Aaron Fobes, Julia Lawless (202)224-4515
Hatch Releases White Paper Discussing Suggestions to Improve Stark Law
Outdated Law Poised for Modern Reform
WASHINGTON – Senate Finance Committee Chairman Orrin Hatch (R-Utah) today released a white paper examining potential reforms to the law governing Medicare physicians’ referrals aimed at removing barriers that prevent hospitals, doctors, and other health care providers from moving to alternative, more cost-effective, payment models. Titled, “Why Stark, Why Now? Suggestions to Improve the Stark Law to Encourage Innovative Payment Models,” the white paper discusses stakeholder perspectives on how the Stark law is working in practice, highlighting the law’s complexity, the severity of its penalties, its significant compliance costs, and its effect on efforts to integrate health care delivery.
“The health care industry has changed significantly since Stark was first implemented, and while the original goals of the Stark law were appropriate, today it is presenting a real burden for hospitals and doctors trying to find new ways to provide high quality care while reducing costs as they work to implement recent health care reforms,” Hatch said. “This paper reflects critical feedback from the stakeholder community on the law’s ambiguities, its unintended consequences and the need for reform, and I am hopeful it jumpstarts the discussion on how Congress can modernize the law to make it work for patients, providers, and taxpayers.”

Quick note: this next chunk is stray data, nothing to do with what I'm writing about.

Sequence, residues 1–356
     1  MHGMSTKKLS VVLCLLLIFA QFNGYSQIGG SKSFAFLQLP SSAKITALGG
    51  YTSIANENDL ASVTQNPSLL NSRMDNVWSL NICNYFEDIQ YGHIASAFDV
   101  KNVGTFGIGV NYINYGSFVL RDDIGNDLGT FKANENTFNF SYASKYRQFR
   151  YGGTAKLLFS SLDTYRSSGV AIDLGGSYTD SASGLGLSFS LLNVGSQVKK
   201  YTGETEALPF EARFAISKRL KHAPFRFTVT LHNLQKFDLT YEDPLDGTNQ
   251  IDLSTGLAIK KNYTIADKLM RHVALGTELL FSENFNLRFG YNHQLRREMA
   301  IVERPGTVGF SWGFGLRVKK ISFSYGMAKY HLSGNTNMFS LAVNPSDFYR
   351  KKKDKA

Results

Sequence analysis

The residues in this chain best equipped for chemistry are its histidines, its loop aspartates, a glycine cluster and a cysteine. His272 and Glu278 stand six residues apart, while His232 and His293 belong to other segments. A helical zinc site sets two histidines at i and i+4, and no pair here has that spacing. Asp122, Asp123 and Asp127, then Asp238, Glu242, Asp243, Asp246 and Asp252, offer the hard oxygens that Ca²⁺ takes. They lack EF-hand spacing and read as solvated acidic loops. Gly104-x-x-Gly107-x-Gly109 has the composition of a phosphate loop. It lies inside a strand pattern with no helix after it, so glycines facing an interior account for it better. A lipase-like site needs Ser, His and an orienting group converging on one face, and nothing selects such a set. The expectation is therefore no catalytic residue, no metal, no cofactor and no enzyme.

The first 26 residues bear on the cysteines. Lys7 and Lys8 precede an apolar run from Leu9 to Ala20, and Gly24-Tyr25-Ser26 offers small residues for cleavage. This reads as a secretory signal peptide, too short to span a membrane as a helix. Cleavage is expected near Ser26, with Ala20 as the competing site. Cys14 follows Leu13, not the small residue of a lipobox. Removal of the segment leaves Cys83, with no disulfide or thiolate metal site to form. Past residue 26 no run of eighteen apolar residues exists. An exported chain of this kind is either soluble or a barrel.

Congress originally enacted the Stark law to reduce the influence of financial relationships on physician referrals of Medicare patients. The law was aimed at curbing the provision of unnecessary health care services, or overutilization, at a time when physicians were paid a fee for each service provided. Although that payment model still exists, the industry is moving to payment models that reward the quality rather than volume of health care. Congress has encouraged this shift with recent health care reforms. When payment is not based on volume, the incentives the Stark law was created to address are greatly reduced or eliminated.
The Senate Finance Committee and House Ways and Means Committee held a round table on the Stark law in December 2015 and requested feedback from subject-matter experts. Following the round table, the Committees issued a more widespread call for comments and received close to 50 responses. The white paper details key areas of those comments and concerns.
An executive summary can be found here.
The white paper can be found here.
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